Mark Smotherman. Last updated January 2002
The Swordfish is a unique design with a superscalar external appearance but a long-instruction-word (LIW) internal microarchitecture based on a decoded instruction cache (DINC).
Swordfish chip photo (1.4M TIF file). A 1 KB data cache lies along the bottom of the die on the left. Above it, in the lefthand column, is the floating-point unit and the DSP multiplier (at the very top lefthand). The CPU core is in middle column extending 2/3 the way down. The instruction emulator is in the lower middle, below the CPU core. At the top righthand edge is a 4 KB instruction cache. Below it, and slightly to the middle, is the instruction loader. Along the lower righthand edge are the DMA, ICU, and timers. The BIU is along the bottom of the die, 1/4th the way in on the right.
The Swordfish was designed to be a successor chip to the NS32532. As such it was initially known as the NS32732 (and later as the NS32764). Even though it was not delivered as a N32K family member, the design lives on in one of National's embedded processor lines (see CompactRISC).
The people involved in the Swordfish design were:
The Swordfish design was started in the late 1980s in Israel. The design featured dual integer pipelines, A and B, for superscalar issue. The pipelines were standard RISC-like designs, with five stages (fetch, decode, execute, memory, writeback). Pipeline B was the primary, in the sense that all instructions could execute on it. Pipeline A was secondary and in particular could not execute branches or initiate floating-point instructions. However, the first instruction in an instruction pair fetched from the decoded instruction cache (see below) was always assigned to pipeline A, and the second to pipeline B. The pipelines operated in lockstep except when the decoder in pipeline B stalled due to a dependency between the paired instructions or some other condition. A new instruction pair would not be obtained until both instructions from the previous pair had exited the decode stages.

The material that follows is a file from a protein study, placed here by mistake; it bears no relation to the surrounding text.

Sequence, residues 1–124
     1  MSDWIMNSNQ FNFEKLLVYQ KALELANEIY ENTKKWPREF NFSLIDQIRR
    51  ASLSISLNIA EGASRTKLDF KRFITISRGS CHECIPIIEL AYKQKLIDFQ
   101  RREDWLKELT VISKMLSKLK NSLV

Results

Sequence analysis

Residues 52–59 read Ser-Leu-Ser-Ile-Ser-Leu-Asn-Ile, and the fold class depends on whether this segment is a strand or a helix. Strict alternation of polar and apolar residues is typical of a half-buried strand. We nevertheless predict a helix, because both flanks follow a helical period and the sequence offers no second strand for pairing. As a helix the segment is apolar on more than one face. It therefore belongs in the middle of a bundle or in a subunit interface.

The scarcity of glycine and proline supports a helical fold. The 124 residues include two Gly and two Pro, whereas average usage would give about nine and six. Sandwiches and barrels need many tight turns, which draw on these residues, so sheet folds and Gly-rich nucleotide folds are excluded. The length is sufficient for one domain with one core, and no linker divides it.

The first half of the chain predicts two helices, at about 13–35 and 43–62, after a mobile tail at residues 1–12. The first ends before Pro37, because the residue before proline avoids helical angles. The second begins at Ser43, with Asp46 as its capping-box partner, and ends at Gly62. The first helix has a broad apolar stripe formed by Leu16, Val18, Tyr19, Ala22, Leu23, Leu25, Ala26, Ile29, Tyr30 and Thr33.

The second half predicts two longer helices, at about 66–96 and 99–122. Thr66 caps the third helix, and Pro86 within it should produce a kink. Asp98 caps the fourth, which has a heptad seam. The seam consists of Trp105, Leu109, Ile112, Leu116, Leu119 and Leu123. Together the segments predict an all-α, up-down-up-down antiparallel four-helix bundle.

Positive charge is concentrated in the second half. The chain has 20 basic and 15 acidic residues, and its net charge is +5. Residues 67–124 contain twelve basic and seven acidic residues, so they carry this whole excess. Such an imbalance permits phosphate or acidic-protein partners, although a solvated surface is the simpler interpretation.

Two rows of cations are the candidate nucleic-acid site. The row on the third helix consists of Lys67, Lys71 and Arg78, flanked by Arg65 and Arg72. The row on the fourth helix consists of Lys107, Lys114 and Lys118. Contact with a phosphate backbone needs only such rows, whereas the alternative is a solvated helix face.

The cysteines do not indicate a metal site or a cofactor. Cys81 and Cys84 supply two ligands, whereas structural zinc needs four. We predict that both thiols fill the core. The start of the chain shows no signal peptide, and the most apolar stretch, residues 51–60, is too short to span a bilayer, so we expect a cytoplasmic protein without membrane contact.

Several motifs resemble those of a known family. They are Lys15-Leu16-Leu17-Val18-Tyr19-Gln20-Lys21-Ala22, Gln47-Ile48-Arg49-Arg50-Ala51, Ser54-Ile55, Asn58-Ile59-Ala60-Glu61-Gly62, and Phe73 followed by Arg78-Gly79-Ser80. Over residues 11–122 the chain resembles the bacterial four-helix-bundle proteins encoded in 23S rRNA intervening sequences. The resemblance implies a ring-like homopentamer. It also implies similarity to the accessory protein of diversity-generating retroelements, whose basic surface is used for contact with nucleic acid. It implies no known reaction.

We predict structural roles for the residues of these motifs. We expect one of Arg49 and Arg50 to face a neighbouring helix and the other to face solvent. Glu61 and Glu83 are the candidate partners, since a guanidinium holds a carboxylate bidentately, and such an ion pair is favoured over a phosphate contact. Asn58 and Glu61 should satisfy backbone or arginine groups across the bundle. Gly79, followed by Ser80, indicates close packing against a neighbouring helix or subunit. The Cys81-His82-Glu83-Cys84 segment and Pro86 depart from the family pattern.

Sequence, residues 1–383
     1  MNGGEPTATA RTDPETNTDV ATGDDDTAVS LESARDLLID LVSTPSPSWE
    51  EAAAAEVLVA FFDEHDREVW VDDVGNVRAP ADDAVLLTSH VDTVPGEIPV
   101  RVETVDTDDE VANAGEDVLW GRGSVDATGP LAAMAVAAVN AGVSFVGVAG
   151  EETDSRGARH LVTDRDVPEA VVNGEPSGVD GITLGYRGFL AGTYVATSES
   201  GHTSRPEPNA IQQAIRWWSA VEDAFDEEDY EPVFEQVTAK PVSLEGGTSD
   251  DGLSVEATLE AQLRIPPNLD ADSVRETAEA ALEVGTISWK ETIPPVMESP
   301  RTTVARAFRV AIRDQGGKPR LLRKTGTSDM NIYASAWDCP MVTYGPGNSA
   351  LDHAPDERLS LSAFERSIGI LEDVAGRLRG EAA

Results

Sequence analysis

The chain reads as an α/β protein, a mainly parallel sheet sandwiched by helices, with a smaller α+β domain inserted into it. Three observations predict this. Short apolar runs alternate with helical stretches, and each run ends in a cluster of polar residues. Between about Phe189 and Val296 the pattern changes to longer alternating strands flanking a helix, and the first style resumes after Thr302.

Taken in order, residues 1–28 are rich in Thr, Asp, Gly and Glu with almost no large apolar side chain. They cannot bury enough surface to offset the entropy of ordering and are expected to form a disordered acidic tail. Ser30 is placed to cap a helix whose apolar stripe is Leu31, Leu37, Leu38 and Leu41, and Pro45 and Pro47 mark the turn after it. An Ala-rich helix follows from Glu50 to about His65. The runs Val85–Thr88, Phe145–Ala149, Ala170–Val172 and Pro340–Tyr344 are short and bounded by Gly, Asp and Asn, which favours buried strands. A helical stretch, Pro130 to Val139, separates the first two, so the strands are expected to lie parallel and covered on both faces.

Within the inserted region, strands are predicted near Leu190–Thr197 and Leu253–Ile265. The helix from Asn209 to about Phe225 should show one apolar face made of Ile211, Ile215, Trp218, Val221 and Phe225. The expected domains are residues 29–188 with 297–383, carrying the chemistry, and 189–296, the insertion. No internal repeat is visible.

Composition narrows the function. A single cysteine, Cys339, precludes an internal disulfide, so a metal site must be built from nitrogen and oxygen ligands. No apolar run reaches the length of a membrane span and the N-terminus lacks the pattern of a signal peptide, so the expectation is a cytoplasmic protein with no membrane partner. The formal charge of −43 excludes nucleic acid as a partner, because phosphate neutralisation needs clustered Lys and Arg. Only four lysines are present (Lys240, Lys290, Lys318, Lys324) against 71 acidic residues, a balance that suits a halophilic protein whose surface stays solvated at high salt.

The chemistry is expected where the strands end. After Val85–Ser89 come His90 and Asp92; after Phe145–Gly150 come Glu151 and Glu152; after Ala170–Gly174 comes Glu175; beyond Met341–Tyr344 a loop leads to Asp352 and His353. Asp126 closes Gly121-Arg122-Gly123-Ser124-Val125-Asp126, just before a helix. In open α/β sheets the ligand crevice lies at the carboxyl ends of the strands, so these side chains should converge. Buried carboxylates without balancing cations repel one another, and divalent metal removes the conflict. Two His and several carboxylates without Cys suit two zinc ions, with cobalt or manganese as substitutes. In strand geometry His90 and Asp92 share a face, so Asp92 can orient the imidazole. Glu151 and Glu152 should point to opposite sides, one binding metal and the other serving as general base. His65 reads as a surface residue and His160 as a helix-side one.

A register scoreboard was used to control WAR and WAW stalls. Additionally, a load reservation FIFO was included so that the pipelines could continue execution past data cache misses, each of which required about six cycles to satisfy. The register scoreboard would stall a load-dependent instruction if it was decoded prior to the missing data being returned from cache.
Each instruction that was issued to pipeline B was also supplied to the floating-point pipeline, so that a floating-point instruction could be immediately started. The floating-point pipeline consisted of five stages after fetch: decode, execute-1, execute-2, round and normalize, and write back. Pipeline B operated in lockstep with an instruction in the floating-point pipeline; this was done in order to control program sequencing. If the floating-point instruction could trap, pipeline B additionally cycled twice in its memory stage so that both pipeline B and the floating-point pipeline would enter their respective write-back stages simultaneously. Floating-point traps were thereby made precise (i.e, no instructions beyond the trapping one would be allowed into a writeback stage).